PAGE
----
To describe the presence of widespread pressure pain hyperalgesia and myofascial trigger points (TrPs) in neck and shoulder muscles in patients with postmastectomy pain.
Twenty-nine women (mean age: 50±8 y) with postmastectomy pain and 23 matched healthy controls (mean age: 50±9 y) participated. Pressure pain thresholds (PPT) were bilaterally assessed over the C5-C6 zygapophyseal joint, the deltoid muscle, the second metacarpal, and the tibialis anterior muscle. TrPs in the upper trapezius, suboccipital, levator scapulae, sternocleidomastoid, scalene, infraspinatus, and pectoralis major muscles were explored. TrPs were considered active if the local and referred pain reproduced symptoms and the patient recognized the pain as familiar.
Twenty-five (86%) patients reported neck pain whereas 20 (69%) patients showed shoulder/axillary pain. The results showed that PPT levels were significantly decreased bilaterally over the C5-C6 zygapophyseal joint, deltoid muscle, second metacarpal, and tibialis anterior muscle in patients with postmastectomy pain as compared with controls (all sites, P<0.001). No significant differences in the magnitude of PPT decrease between sites were found (P=0.222). The mean number of active TrPs for each woman with postmastectomy pain was 5.4±1.8. Healthy controls only had latent TrPs (0.5±0.6). Patients with postmastectomy pain showed a greater number of TrPs than controls (P<0.001). In all muscles, there was significantly more active TrPs in patients with postmastectomy pain as compared with controls (P<0.001). Active TrPs in the pectoralis major (n=27, 93%), infraspinatus (n=23, 79%), and upper trapezius (n=19, 65%) muscles were the most prevalent in the affected side in the postmastectomy group. The number of active TrPs was positively correlated with neck (rs=0.392, P=0.036) and shoulder/axillary (rs=0.437, P=0.018) pain intensity.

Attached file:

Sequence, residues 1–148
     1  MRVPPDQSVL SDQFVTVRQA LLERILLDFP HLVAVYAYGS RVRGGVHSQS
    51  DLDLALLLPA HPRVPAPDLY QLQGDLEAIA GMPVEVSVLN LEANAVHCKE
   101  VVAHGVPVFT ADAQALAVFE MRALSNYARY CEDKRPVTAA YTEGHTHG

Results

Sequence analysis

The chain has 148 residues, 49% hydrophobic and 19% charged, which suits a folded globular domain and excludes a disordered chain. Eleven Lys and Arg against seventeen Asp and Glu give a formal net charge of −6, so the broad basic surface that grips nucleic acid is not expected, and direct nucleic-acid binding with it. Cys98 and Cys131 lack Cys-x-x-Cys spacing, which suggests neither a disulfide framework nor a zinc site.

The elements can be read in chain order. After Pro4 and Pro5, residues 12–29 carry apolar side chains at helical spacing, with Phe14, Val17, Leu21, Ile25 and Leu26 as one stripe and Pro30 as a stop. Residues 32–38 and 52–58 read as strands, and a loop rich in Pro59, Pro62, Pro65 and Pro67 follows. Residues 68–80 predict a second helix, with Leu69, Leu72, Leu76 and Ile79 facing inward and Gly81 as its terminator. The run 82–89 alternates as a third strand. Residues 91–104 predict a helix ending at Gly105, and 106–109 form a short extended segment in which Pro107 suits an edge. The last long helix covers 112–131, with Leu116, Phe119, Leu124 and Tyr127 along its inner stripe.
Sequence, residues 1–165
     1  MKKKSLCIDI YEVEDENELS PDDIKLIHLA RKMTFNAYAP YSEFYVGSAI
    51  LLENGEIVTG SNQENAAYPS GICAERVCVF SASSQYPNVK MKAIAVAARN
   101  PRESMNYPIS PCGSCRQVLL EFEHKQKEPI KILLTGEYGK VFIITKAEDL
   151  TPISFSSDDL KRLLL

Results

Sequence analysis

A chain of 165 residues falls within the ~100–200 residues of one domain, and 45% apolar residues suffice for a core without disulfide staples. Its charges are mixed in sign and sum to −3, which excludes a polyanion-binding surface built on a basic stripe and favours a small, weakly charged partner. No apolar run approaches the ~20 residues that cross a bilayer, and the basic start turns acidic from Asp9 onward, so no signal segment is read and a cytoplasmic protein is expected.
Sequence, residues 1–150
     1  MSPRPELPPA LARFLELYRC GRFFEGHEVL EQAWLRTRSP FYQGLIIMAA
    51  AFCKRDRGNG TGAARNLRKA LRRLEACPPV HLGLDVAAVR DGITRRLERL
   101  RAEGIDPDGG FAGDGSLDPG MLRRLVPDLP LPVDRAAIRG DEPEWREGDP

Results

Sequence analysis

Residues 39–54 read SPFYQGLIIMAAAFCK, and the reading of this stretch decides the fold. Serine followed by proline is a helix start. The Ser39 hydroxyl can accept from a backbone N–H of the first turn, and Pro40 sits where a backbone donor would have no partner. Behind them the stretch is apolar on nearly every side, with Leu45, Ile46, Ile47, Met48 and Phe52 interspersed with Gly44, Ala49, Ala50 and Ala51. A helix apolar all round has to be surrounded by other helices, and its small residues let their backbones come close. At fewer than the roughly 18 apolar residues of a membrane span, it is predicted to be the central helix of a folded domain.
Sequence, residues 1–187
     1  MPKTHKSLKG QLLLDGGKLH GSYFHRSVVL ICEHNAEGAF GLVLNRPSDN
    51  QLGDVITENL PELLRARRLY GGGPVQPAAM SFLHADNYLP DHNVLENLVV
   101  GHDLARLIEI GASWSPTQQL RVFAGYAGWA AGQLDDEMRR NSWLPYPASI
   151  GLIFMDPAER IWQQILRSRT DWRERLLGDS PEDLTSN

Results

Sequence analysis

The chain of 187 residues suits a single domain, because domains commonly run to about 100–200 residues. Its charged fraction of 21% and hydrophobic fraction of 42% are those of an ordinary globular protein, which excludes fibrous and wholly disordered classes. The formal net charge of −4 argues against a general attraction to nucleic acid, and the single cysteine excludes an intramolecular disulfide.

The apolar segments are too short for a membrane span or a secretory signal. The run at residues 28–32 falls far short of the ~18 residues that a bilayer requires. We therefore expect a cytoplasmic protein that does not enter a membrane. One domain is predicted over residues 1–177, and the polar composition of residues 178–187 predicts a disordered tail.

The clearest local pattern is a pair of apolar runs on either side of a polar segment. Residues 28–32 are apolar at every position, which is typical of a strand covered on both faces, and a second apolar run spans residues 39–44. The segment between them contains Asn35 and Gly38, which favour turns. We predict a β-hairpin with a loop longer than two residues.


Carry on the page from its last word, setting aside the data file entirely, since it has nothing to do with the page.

Our findings revealed bilateral widespread pressure pain hypersensitivity in patients with postmastectomy pain. In addition, the local and referred pain elicited by active TrPs reproduced neck and shoulder/axillary complaints in these patients. These results suggest peripheral and central sensitization in patients with postmastectomy pain.